Wednesday, September 11, 2013

September 11th anniversary; Shoud the U.S. now help Al Qaeda?

The tragic irony of today's anniversary is this - at the same time that we commemorate the events of September 11, 2001, we are seriously debating whether we should commit U.S. air and naval forces to help the people that attacked us on September 11 so that those people can win a war and take over yet another country.

If you voted for Obama in the last two elections (or either of them) you probably don't know that I am referring to the current controversy over whether we should bomb Syria. For those who still don't understand, here is a brief summary: Syria is fighting against Al Qaeda (even though that doesn't mean that Syria is good). (Al Qaeda is definitely bad, because they are the group that attacked us on September 11, 2001.) The Obama administration wants to bomb Syria because Syria allegedly used chemical weapons in Syria's war against Al Qaeda.

While the newspapers and networks debate the issue of whether Assad used chemical weapons or whether he will surrender those weapons or whether we will negotiate some other resolution, the western dhimmitude marches on unceasingly.

Instead of discussing whether the U.S. is still at war against Al Qaeda, the networks will focus, instead, on (1) whether the "first responders" are properly funded and (2) the particular pieces of granite on which the names of the 9-11 victims are etched.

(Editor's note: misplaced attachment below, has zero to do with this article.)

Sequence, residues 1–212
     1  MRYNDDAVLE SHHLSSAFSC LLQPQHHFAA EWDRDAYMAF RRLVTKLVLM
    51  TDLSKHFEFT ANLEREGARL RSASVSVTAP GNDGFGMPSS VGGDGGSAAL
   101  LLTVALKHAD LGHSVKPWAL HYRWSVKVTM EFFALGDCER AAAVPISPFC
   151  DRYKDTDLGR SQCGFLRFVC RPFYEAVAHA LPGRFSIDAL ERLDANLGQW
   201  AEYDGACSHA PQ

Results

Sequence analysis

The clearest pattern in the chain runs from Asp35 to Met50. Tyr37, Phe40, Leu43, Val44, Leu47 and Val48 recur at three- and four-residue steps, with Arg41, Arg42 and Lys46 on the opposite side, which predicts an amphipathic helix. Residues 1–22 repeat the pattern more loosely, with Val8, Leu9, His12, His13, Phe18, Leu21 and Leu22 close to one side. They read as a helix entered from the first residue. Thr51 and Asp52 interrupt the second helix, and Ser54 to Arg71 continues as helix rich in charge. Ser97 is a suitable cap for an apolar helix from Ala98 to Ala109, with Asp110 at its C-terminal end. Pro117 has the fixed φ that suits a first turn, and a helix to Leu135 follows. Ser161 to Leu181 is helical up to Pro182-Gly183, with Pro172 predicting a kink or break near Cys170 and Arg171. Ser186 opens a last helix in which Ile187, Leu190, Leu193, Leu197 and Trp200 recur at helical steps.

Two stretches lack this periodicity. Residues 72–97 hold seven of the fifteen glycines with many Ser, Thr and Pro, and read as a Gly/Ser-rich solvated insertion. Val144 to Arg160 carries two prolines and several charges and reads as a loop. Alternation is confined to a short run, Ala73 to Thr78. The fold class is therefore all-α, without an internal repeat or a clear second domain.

Radical islam is patient. The islamists suffered many casualties as a result of attacking us on 9-11. But they now can bide their time while we forget. Remembering the victims or the first responders is not the same as fighting the war - especially if we find ourselves fighting on the wrong side.

Labels: , ,

Monday, September 02, 2013

Quote of the day - Will Durant

An age of political excitement is usually a stimulant to literature . . . [b]ut a state always verging on bankruptcy, and engaged in almost permanent revolution, does not favor art - and least of all architecture.

Will Durant, The Renaissance, p. 163


Sunday, September 01, 2013

Quote of the day - Joe Sobran

Seriously, folks, this was a far more literate country when it spent far less money on its schools. I'll say it again: in one century we went from teaching Latin and Greek in high school to offering remedial English in college.

Joe Sobran - April 2001

Labels: ,

  • People's Pottage - permalink
  • Economics in One Lesson - permalink
  • Why Johnny Can't Read- permalink
  • Locations of visitors to this page